NAIOP South Florida recently hosted its annual economic outlook panel, where commercial real estate industry professionals gathered to discuss the economic forecast for 2023.
Hosted by Marcus & Millichap and Risk Strategies, the panel offered insightful commentary from Marcus & Millichap Senior Vice President and National Director John Chang, Chronos Underwriters Chief Executive Officer and President John Allen, Property Tax FirstPointe Advisors Managing Partner Brian DePotter and Itasca Construction Associates Vice President Sandra Pabon. Marcus & Millichap Senior Vice President and past NAIOP President Ryan Nee served as moderator.
Panelists shared their perspectives on the hotly debated question of whether the United States will tip into recession in 2023, and the consensus was considerably more favorable than what is being predicted by many for the year ahead. Speakers also emphasized the “Florida factor,” a term used to describe the continued influx of people to the state, as a major reason for continued regional employment and economic growth.
“In 2022, Florida came in first across the United States in terms of population growth,” Chang noted. “Overall, we’ve added 4.5 million jobs, the unemployment rate is at a 50-year low, there are 10.5 million job openings, wages are up 4.6%, retail sales are up 3% and the 10-year treasury yield is at 3.5%. Those are solid numbers, and while interest rates have placed our industry into a stall, we seem to be leaning more towards ‘slowcession,’ than an actual recession, and here in South Florida, it may not even be noticed.”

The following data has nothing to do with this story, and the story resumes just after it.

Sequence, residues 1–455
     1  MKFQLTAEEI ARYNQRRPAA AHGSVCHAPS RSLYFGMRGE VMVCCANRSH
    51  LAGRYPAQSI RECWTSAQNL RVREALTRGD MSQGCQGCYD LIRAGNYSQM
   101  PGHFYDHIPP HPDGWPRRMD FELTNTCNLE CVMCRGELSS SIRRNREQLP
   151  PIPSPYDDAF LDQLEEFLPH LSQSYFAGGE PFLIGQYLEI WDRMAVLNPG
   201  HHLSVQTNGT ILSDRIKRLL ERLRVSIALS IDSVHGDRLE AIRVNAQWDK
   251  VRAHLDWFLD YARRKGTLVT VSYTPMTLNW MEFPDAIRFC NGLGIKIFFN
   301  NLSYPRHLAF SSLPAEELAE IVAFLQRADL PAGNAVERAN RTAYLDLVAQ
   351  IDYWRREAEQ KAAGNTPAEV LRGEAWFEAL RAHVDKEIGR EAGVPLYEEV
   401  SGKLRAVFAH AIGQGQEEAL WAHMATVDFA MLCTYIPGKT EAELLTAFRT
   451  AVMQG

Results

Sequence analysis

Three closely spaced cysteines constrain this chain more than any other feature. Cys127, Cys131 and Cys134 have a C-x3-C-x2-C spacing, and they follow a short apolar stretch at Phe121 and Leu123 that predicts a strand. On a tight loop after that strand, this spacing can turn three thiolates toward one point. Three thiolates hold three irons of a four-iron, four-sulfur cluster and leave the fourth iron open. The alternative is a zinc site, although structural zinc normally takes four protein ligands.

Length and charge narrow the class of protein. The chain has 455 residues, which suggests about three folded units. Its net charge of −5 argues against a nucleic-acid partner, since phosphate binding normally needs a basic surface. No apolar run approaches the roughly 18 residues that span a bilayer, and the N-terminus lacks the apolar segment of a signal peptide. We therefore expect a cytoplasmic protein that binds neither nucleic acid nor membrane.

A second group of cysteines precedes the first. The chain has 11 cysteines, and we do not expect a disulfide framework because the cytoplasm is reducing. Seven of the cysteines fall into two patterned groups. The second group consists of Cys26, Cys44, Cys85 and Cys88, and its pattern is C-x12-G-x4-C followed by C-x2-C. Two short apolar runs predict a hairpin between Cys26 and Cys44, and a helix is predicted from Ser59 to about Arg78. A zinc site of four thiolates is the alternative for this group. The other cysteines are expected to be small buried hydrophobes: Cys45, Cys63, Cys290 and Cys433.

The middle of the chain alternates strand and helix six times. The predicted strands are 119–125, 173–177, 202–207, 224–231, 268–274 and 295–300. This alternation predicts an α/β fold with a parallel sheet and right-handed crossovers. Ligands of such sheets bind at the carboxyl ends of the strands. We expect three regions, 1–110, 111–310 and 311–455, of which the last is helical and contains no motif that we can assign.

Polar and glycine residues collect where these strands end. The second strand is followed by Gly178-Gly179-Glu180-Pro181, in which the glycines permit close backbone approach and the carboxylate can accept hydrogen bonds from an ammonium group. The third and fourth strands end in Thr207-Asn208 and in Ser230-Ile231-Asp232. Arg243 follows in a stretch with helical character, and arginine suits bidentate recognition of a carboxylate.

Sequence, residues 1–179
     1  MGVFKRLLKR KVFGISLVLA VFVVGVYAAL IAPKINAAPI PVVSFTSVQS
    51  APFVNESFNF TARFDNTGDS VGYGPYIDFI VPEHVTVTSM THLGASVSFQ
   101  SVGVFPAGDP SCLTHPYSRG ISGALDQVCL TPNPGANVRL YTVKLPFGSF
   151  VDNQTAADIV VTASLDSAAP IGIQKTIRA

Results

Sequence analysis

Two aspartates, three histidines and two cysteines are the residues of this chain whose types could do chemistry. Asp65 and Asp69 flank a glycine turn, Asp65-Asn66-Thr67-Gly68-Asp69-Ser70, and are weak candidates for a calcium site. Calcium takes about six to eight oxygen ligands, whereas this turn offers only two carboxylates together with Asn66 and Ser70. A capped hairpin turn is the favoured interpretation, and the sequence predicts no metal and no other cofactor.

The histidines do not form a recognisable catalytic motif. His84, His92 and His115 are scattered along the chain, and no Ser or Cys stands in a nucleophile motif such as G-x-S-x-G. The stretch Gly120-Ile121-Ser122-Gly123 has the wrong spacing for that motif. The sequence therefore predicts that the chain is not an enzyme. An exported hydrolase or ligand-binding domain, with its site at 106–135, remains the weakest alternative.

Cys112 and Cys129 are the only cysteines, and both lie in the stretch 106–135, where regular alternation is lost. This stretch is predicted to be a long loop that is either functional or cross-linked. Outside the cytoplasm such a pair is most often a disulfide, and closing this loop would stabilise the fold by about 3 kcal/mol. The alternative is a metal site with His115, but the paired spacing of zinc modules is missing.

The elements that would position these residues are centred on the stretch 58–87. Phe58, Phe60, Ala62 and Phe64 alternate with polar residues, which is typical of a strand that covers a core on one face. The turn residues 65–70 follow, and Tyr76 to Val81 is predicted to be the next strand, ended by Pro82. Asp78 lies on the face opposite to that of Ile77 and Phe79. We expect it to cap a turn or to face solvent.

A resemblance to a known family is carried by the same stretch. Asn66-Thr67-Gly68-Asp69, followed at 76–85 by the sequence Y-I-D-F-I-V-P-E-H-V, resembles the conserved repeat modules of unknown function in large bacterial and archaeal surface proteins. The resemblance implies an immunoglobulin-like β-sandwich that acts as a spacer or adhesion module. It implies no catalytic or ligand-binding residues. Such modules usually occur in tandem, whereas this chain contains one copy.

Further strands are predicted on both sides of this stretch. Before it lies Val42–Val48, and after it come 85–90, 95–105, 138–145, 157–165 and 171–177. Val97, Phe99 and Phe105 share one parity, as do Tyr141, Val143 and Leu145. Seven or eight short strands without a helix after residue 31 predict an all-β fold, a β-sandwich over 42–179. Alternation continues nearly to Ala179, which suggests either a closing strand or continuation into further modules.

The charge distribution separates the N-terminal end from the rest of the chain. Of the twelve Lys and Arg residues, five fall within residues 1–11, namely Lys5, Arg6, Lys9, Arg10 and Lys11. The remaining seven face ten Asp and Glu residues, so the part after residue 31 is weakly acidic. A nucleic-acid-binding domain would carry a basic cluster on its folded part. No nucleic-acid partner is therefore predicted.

Another heated topic that caught the ears of listeners was related to insurance market forecasts and rate hikes.
“The Florida insurance market is in a perfect storm right now, with carriers refusing to write business here, but the state has been doing a tremendous job getting in front of the legal issues to curb the problem,” Allen said. “We are hoping that in the absence of a major hurricane or world crisis similar to the war in Ukraine, and with a reduction in inflation, Florida’s attractiveness will improve, and prices will eventually begin to come back down.”
Understanding America’s labor shortage across all sectors, and why workforce participation remains below pre-pandemic levels, was also of particular interest to attendees.
According to Chang, “We have more than four million open jobs without employees to fill them, which is due in part to several factors including early retirement of the baby boomer generation brought on by the pandemic, dual income families opting to move out of the urban core so that one family member can stay home and care for children, continued fears of COVID and a significant drop in immigrant workers relocating to the United States. Prior to 2016, we welcomed more than 1.2 million immigrant workers each year, and by 2020 that number had dropped to 20,000 people.”
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